A lot of factors influence a woman's decision to have more children, not least of which is the impact on her health and body. The results of a recent study may have some reconsidering their desire for large biological families. Researchers found that having more children could increase Alzheimer's risk in women; specifically those having five or more children. While hormonal changes are a suspected factor, it is unclear why having multiple children increases risk.
A team of researchers looked at more than 3,500 women from South Korea and Greece in order to determine how the size of their biological families impacted their cognitive abilities. According to CNN, the study, published in the journal Neurology, found that women who had delivered five or more children were as much as 70 percent more likely to develop Alzheimers later in life than those who had less children. Additionally, even those women who did not have dementia, but had delivered five or more babies scored lower on cognitive tests than those who had not.
The women involved in the study were all older than 60, with an average age of 71. After age 60, a woman has a one in six chance of developing Alzheimer's, according to the Alzheimer's Association — that's an even greater risk than developing breast cancer, which is one in 11. Along with examining how complete pregnancies — those resulting in the delivery of a full-term baby — impacted Alzheimer's risk, the team also looked at interrupted pregnancies.
Surprisingly, those women who had an incomplete pregnancy had their risk of Alzheimer's almost cut in half, as Dr. Ki Woong Kim, a neuropsychiatrist at Seoul National University and the study's lead author, wrote in an email to CNN:
Based on previous research, we expected that pregnancy with childbirth may be associated with the risk of Alzheimer's disease. However we were quite surprised that incomplete pregnancy was associated with the lower risk of Alzheimer's, which we did not expect at the beginning of our research.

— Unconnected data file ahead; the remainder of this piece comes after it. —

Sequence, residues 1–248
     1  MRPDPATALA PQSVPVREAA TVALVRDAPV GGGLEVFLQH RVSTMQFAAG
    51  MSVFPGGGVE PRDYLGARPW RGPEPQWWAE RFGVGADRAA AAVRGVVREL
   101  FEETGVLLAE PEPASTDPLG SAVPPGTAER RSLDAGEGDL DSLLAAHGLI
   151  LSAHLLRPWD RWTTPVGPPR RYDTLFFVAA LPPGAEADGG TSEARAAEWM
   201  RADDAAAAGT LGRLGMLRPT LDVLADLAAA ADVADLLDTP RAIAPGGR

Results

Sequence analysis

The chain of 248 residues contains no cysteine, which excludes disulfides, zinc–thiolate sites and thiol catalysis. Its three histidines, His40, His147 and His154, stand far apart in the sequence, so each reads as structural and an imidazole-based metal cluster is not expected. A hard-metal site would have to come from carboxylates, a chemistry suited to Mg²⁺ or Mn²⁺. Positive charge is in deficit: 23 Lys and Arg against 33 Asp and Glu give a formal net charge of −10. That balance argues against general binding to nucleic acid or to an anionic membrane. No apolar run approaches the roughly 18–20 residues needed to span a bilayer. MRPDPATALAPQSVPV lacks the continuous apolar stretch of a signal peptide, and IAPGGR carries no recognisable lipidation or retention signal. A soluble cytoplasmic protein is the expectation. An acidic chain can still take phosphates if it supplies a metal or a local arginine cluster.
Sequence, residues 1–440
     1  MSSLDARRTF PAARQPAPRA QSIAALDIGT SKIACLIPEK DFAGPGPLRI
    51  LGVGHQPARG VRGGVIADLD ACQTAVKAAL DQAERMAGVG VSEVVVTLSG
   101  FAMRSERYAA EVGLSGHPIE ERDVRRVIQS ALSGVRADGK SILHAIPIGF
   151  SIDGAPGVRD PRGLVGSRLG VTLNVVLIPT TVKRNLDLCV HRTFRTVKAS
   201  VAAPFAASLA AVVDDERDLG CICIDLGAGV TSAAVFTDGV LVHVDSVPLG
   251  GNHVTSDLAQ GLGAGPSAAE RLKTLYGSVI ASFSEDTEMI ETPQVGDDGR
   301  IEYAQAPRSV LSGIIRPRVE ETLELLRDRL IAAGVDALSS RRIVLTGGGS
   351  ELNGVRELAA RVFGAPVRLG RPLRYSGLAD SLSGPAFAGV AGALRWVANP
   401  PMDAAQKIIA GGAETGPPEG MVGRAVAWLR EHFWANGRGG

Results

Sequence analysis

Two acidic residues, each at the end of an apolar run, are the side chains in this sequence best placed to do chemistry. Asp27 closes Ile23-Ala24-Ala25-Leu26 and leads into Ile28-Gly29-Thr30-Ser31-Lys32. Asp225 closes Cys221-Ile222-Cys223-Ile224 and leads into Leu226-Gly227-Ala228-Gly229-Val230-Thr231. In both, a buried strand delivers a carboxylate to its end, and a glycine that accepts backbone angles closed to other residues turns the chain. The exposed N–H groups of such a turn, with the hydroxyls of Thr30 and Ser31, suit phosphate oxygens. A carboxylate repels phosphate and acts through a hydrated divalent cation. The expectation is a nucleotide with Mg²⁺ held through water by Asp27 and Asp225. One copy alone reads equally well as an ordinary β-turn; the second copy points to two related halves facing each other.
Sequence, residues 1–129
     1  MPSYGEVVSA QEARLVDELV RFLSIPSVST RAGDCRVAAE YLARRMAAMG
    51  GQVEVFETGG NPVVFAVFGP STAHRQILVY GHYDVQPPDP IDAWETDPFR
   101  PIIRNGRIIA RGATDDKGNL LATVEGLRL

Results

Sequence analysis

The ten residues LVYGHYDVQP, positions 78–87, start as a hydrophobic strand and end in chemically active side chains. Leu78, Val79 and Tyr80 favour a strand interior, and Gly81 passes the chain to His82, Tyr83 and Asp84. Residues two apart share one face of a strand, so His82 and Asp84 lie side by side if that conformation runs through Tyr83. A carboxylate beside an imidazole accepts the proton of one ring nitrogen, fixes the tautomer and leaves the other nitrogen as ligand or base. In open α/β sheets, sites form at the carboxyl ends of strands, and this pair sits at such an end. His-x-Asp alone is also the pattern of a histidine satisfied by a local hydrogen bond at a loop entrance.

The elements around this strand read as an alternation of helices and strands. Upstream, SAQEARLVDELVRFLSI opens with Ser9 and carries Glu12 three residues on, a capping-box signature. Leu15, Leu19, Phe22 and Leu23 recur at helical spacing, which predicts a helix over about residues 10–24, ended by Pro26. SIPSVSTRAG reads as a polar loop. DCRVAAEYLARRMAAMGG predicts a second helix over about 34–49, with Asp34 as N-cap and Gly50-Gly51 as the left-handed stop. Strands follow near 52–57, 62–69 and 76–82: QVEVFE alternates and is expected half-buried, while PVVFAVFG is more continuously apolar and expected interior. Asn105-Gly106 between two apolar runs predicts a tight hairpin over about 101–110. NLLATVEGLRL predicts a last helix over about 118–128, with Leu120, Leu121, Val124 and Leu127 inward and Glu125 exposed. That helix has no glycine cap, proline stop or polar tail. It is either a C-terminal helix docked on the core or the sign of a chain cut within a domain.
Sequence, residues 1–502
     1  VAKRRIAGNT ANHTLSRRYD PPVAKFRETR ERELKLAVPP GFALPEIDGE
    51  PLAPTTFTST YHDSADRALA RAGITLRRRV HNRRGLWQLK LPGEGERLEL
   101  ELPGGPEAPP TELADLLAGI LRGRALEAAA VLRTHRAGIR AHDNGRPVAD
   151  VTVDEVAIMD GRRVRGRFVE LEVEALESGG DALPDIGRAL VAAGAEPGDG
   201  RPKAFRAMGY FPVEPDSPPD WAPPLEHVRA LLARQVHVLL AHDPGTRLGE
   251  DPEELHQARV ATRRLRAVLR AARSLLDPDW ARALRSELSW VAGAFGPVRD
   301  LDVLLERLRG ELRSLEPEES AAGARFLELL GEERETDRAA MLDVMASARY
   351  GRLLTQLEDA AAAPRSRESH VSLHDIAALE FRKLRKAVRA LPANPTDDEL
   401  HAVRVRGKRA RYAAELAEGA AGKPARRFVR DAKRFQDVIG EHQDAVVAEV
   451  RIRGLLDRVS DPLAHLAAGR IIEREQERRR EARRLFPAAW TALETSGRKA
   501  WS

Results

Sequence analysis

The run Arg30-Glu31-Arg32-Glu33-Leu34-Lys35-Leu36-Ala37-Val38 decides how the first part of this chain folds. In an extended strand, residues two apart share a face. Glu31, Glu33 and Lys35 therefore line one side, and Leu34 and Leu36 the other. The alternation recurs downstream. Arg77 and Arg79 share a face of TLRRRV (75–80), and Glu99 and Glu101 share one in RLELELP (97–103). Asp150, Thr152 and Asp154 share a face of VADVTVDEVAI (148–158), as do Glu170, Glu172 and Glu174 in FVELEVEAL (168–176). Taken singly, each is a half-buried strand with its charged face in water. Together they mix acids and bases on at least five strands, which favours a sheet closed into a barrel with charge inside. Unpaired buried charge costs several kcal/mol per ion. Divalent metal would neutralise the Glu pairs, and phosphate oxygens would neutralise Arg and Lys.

This sort of research is particularly important due to the high number of women in the U.S. alone suffering from Alzheimer's. Women are more likely than men to develop the condition. The Alzheimer's Association reported that almost two-thirds of Americans with Alzheimer's are women and more than 60 percent of Alzheimer's and dementia caregivers are women. Maria Carrillo, chief science officer for the Alzheimer’s Association, told Alzheimers.net that there is a need for more research:
There are enough biological questions pointing to increased risk in women that we need to delve into that and find out why. There is a lot that is not understood and not known. It’s time we did something about it.
Kim and her team were not able to narrow down exactly why more pregnancies were linked to Alzheimer's risk, but Kim suggested that it is likely due to hormonal changes. But Dr. Carol Routledge, director of research at Alzheimer’s Research UK, told Newsweek that nonbiological factors cannot be completely ruled out:
This study lends support to the idea that estrogen or other hormones may have an impact on Alzheimer’s risk, but we don’t understand the nature of this relationship. There will be a wide range of factors associated with having a large number of children, and while the researchers tried to take social and economic status into account in their analysis, it is impossible to rule out non-biological causes for this apparent link.
While the results of this study do not provide definitive evidence as to the why and how pregnancy impacts dementia and Alzheimer's risk, they do underline the need for more information and research. The more information that women have on how pregnancy and childbirth impact their health, the more capable they are of making decisions that are in their best interest.